Mount Blue Sky?

Cheyenne and Arapaho Tribes file petition to rename Mount Evans

By Corinne Westeman
Posted 12/6/20

The Oklahoma-based Cheyenne and Arapaho Tribes, along with conservation nonprofit The Wilderness Society, have asked that Mount Evans be renamed Mount Blue Sky. The tribes filed the official petition …

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Mount Blue Sky?

Cheyenne and Arapaho Tribes file petition to rename Mount Evans


The Oklahoma-based Cheyenne and Arapaho Tribes, along with conservation nonprofit The Wilderness Society, have asked that Mount Evans be renamed Mount Blue Sky.

The tribes filed the official petition with the U.S. Board of Geographic Names on Nov. 30, the day after the 156th anniversary of the Sand Creek Massacre.

Colorado's then-territorial Governor John Evans is believed to have authorized the U.S. Army's attack on the Cheyenne and Arapaho people. The exact number of fatalities is unknown with some estimates as high as 500.

Fred Mosqueda, Arapaho coordinator of the Culture Program of the Cheyenne and Arapaho Tribes, said Mount Evans' name automatically reminds his community of the massacre and the hurt it has caused even generations later.

Meanwhile, the proposed name is significant to both tribes as the Arapaho were known as the Blue Sky People among other tribes, and the Cheyenne have an annual renewal of life ceremony called Blue Sky, Mosqueda described.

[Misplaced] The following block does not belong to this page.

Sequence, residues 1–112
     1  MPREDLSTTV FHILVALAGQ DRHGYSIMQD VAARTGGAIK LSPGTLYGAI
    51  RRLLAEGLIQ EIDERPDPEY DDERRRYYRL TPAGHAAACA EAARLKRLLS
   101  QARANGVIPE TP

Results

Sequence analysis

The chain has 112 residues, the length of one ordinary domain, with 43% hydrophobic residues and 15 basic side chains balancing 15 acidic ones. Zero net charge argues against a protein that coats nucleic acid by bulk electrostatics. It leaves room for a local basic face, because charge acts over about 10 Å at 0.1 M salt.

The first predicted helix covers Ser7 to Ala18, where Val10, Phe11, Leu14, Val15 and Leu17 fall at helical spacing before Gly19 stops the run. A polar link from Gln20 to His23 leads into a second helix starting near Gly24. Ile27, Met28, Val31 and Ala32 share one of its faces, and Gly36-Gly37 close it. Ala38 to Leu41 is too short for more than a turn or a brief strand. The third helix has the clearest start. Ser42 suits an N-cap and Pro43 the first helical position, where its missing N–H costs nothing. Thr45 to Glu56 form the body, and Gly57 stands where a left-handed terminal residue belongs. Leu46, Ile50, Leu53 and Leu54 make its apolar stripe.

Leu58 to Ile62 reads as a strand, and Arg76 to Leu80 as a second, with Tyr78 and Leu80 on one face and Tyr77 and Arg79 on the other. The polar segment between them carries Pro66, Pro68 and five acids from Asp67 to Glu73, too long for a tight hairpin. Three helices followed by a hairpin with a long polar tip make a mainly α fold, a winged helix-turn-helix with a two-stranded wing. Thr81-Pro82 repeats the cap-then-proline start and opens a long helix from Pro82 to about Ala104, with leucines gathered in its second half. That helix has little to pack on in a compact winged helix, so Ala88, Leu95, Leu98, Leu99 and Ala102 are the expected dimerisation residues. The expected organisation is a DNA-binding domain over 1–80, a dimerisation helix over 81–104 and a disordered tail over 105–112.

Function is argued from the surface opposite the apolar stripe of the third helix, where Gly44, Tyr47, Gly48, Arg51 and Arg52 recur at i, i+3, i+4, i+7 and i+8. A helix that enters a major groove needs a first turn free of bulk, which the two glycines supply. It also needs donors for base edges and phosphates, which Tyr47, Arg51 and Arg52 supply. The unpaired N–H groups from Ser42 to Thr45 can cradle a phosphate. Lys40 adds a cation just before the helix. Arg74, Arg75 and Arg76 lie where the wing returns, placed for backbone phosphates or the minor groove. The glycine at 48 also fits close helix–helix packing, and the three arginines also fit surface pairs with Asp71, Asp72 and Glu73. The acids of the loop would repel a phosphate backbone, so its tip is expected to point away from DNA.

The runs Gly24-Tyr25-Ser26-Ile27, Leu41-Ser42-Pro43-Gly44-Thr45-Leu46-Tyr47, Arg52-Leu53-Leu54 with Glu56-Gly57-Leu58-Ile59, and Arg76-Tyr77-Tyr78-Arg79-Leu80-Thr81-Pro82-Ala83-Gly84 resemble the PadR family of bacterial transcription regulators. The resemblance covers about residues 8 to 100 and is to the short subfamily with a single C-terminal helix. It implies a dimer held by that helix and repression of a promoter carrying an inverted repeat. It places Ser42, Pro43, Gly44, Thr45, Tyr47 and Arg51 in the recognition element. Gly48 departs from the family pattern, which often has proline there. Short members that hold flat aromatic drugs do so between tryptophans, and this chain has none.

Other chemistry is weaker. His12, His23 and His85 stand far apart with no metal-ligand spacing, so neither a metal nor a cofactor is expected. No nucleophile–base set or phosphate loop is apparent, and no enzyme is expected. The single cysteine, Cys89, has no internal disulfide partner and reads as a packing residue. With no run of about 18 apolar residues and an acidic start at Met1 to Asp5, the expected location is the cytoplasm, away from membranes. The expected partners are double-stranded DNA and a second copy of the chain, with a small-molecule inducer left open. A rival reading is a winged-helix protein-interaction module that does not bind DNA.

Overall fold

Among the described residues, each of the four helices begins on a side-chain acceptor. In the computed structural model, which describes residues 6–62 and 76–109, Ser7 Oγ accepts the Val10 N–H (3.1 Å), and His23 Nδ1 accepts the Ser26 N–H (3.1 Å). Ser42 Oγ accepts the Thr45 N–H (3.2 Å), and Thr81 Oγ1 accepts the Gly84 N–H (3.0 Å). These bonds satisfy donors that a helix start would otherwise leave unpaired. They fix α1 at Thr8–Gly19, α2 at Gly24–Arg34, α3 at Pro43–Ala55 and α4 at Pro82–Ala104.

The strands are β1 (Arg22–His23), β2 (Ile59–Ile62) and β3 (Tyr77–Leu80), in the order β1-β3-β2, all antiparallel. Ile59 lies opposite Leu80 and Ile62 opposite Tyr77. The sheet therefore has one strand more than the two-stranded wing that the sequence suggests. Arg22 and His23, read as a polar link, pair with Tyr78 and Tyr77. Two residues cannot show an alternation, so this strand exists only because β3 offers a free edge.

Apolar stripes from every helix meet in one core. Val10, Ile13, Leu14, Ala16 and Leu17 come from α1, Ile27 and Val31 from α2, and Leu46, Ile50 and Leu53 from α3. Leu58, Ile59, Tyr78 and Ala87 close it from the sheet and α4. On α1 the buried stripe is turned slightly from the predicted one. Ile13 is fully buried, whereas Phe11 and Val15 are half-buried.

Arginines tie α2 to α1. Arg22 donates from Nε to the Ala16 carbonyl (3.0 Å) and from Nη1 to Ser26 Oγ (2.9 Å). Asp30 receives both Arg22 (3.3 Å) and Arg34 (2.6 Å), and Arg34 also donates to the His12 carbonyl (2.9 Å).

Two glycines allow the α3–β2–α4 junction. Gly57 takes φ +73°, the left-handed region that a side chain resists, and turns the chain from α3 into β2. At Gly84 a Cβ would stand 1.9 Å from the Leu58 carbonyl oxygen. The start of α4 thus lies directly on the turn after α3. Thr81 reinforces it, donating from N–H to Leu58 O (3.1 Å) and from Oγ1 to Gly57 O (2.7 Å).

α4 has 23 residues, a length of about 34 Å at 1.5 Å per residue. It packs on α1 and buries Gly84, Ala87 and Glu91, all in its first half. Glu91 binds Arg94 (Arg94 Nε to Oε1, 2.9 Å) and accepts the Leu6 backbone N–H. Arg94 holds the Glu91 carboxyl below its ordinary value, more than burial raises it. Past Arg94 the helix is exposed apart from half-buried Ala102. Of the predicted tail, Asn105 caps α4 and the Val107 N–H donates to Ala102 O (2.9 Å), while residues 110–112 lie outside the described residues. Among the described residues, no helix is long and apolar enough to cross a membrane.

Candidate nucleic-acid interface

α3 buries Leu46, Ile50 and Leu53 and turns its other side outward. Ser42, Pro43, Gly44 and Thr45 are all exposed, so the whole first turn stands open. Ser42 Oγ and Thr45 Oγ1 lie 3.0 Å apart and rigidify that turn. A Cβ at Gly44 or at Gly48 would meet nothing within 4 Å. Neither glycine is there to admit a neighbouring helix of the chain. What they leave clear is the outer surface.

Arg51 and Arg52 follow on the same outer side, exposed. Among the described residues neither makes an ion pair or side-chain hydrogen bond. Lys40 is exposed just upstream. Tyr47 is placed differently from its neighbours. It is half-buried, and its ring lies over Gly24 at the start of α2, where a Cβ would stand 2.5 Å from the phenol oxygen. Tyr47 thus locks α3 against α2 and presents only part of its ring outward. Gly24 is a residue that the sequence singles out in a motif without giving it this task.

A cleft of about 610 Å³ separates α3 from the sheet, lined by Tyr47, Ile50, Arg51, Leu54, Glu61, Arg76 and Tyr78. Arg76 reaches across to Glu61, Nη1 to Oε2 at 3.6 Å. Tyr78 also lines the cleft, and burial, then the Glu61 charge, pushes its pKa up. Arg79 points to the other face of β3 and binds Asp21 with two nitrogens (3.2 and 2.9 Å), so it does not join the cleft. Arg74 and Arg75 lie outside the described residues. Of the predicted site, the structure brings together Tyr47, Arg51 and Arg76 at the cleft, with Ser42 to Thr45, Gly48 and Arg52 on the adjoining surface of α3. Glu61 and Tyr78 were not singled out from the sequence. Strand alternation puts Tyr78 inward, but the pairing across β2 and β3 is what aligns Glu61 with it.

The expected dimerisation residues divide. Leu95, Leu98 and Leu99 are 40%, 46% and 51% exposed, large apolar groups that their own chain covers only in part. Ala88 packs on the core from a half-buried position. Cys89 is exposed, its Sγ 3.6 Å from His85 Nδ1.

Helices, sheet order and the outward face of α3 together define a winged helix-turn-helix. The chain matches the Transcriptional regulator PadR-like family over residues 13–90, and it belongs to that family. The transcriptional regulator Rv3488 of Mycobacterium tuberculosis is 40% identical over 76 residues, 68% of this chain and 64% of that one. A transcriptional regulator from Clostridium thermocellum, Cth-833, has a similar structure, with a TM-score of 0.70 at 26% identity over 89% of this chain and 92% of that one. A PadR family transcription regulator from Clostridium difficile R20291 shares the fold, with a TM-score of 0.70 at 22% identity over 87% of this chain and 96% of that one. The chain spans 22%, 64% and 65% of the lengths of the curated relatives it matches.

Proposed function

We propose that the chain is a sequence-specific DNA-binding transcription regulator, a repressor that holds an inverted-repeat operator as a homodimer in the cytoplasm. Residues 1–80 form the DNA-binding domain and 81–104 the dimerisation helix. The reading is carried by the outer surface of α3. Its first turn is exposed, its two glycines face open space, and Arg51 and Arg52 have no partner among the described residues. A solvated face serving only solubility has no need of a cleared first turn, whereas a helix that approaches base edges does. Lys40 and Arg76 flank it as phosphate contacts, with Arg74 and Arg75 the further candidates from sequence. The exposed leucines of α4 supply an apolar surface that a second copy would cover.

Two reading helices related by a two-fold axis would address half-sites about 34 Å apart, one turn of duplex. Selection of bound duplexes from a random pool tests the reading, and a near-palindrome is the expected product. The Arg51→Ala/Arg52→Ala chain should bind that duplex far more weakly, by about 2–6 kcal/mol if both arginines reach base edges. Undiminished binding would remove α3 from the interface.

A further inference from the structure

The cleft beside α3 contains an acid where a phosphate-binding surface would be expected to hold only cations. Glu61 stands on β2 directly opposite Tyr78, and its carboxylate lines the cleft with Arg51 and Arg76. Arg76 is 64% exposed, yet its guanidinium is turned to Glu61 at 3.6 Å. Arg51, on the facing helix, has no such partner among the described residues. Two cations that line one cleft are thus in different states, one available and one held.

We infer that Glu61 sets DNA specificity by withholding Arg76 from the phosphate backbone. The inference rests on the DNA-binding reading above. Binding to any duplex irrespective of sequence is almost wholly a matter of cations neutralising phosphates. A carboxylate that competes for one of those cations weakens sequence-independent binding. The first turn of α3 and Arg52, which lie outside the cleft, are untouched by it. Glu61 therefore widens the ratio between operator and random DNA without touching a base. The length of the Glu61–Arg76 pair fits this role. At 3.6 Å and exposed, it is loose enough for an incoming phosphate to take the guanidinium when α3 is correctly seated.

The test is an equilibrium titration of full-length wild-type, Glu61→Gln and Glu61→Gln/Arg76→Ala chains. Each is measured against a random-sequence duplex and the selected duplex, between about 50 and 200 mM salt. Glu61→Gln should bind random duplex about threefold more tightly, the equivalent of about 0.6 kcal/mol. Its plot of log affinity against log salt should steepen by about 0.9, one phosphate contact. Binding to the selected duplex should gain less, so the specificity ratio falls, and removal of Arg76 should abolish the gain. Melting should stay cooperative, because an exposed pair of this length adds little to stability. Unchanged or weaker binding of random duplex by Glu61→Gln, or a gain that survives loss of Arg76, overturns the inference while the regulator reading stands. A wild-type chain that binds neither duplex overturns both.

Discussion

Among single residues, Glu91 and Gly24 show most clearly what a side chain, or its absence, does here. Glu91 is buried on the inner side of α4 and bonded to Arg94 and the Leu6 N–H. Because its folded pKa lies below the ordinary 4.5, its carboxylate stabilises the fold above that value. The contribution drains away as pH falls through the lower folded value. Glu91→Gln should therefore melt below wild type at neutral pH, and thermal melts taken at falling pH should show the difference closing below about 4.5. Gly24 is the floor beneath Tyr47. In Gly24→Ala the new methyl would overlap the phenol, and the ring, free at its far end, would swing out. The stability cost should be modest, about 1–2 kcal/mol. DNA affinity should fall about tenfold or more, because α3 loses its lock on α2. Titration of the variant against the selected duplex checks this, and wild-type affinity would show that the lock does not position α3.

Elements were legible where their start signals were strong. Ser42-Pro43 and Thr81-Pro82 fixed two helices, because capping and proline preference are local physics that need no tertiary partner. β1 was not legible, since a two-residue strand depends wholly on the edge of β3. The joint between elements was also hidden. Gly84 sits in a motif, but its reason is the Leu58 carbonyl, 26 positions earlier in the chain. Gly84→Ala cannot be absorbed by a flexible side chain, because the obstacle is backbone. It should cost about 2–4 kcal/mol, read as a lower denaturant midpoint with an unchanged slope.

Paul Spitler, The Wilderness Society's director of public policy, emphasized that this is the only petition submitted by the tribes and he felt it was important to give it deference because of Evans' role in the Sand Creek Massacre.

“The name Mount Blue Sky is much more fitting for such a landmark,” Spitler continued. “It recognizes the very people that Governor Evans sought to destroy.”

Clear Creek Commissioner Randy Wheelock said the county is able to register support or non-support for any petition to rename Mount Evans, and he wanted to ensure local stakeholders are able to submit their input.

Wheelock said the Clear Creek Board of County Commissioners is scheduled to have a work session to discuss the issue either Dec. 15 or Dec. 22.

The process

Mosqueda said his community started working on this process about a year ago, as Americans became more willing to remove insensitive names and symbols so as to promote equality.

The tribes first submitted a resolution to Congress as they weren't sure how the process worked, and later connected with Spitler, who provided guidance on filing an official petition.

While it's been filed at the federal level, Spitler said this petition and any others to rename Colorado features will be referred to the Colorado Geographic Naming Advisory Board.

The state advisory board, which was disbanded in 2016 and reformed earlier this year, makes a recommendation and the final decision rests with the U.S. Board of Geographic Names.